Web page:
Minister highlights role of science education in sustainable development

Eastern Cape learners attended the launch of the 2017 National Science Week (NSW) at the newly renamed Nelson Mandela University (previously the Nelson Mandela Metropolitan University). Hosted at the institution’s Missionvale campus, about 3500 learners from schools in and around Port Elizabeth attended the annual event.

Addressing learners, the Minister of Science and Technology, Naledi Pandor, urged them to change South Africa’s future by pursuing mathematics and science. The minister reminded learners that under apartheid black people were discouraged from doing mathematics and science, and this had put them at a disadvantage. The minister said that now was the time for learners to make use of the opportunities that are available and help the country achieve goals such as a greener and more sustainable economy.

She also said that South Africa is working towards the Sustainable Development Goals of the United Nations in step with many other countries. The National Sustainable Development Strategy, which was adopted in November 2011, calls for a green economy that is resource-efficient, low-carbon and pro-employment. The promotion and growth of green technologies are very important as they have the potential to create jobs and grow the economy, improve rural livelihoods, conserve natural resources and reduce pollution.

This year National Science Week ran until 12 August 2017, under the theme “Advancing Science Tourism”. This gave government an opportunity to highlight its investment in the development of research infrastructures such as the Square Kilometre Array, science centres, laboratories and pilot plants that enable the translation of research into solid scientific outputs such as intellectual property, among others.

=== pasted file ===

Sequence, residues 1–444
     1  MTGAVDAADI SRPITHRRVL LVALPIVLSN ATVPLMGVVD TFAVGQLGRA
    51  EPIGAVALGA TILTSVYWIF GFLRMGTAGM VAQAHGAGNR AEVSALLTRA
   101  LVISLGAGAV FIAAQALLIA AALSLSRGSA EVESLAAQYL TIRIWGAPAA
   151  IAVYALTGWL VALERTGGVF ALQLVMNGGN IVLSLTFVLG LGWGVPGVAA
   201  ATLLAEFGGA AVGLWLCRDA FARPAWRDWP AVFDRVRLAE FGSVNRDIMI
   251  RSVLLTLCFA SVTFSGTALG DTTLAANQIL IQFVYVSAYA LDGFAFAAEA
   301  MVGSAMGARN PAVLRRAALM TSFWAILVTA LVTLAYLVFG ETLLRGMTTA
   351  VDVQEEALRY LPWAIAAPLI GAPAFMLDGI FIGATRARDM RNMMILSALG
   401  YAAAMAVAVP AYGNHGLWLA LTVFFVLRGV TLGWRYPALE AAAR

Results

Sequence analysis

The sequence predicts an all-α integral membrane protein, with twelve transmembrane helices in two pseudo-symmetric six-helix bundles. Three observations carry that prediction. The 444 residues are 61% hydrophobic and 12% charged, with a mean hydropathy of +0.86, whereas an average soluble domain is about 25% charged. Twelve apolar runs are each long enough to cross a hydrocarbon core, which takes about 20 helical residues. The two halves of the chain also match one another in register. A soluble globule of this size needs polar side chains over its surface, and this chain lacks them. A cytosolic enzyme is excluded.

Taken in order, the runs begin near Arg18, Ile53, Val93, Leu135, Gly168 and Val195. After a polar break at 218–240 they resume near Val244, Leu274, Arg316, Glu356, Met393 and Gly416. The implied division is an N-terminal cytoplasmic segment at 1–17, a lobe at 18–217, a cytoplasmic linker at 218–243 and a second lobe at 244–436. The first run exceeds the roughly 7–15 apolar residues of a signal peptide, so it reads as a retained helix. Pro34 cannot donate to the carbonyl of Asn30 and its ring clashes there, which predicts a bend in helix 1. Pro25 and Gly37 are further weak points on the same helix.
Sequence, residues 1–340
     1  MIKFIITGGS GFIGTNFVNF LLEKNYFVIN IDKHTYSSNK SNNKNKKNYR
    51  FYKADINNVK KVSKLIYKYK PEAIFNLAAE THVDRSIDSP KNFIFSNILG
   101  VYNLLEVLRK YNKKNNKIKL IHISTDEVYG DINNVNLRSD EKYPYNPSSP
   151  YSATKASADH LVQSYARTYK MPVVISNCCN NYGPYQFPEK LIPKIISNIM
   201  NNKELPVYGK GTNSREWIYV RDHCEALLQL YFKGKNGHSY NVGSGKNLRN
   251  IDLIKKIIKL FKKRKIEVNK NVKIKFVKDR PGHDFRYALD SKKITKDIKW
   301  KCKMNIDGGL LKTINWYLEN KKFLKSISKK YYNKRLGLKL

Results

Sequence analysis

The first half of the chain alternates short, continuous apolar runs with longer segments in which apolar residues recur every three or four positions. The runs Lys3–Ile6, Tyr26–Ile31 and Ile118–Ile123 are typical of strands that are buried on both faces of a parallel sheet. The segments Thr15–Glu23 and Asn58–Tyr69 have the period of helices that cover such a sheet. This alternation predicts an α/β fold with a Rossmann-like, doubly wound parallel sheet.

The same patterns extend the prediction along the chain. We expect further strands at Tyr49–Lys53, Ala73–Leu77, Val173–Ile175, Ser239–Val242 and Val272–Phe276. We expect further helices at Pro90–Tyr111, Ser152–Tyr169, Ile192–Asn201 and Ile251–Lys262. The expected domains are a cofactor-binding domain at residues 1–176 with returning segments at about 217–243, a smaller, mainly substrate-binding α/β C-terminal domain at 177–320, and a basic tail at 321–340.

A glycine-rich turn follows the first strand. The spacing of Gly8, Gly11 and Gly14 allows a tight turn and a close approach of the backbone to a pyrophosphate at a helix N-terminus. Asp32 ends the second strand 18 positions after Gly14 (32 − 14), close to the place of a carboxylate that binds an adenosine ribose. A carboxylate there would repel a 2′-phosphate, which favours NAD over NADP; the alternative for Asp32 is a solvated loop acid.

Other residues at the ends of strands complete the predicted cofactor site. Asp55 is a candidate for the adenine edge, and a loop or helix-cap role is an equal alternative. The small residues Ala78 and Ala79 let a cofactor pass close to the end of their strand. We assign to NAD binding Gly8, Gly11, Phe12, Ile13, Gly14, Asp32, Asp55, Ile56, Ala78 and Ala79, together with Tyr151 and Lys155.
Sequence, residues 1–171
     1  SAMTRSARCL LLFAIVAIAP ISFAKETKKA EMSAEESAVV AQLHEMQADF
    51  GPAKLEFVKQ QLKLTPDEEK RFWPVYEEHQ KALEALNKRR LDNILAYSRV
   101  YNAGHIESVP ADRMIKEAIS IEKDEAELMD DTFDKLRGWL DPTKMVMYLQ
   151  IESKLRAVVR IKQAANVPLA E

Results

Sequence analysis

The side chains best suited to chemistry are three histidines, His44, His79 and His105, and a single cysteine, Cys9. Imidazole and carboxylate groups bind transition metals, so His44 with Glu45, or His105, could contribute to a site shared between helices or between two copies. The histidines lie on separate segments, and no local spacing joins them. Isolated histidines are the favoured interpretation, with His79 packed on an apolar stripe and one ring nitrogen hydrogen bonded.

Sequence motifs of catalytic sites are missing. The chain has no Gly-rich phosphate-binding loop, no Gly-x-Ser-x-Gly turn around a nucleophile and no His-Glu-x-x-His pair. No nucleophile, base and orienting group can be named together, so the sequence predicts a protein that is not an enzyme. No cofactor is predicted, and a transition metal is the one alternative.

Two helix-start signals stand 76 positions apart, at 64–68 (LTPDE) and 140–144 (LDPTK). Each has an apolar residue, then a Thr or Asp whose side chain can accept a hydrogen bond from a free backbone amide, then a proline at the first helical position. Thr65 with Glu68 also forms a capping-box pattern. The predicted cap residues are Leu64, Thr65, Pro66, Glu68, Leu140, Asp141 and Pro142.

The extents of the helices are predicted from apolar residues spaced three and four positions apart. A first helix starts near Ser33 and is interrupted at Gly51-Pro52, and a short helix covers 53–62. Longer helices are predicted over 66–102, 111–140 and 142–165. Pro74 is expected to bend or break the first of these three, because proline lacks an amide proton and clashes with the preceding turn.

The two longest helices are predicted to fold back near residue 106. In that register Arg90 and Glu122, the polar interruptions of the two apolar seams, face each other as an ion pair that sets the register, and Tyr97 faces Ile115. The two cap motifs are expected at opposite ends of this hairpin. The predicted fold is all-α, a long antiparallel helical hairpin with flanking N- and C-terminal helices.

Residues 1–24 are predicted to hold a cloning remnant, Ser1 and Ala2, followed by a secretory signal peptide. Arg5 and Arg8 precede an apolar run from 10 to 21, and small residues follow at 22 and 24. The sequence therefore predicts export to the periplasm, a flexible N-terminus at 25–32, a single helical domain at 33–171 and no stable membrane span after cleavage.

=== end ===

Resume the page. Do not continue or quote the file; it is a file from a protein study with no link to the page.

Science education research shows that learners’ interest in science is boosted by excursions to scientific sites such as botanical gardens, zoos, museums and science centres. Visits to such places provide learners with alternatives and practical explanations of some curriculum concepts, improving learners’ understanding in that regard. It is in this context that the Department of Science and Technology supports 34 science centres in the country.

The Nelson Mandela University’s vice-chancellor, Prof. Derrick Swartz, added that the country’s poverty and inequality challenges could change through learning of science and mathematics. He challenged high school learners to strive to use their scientific knowledge to uplift society, such as improving the quality of health services and use technology to improve schools in their areas without harming the environment.

Contact Veronica Mohapeloa, Department of Science and Technology, Tel 012 843-6788, veronica.mohapeloa@dst.gov.za

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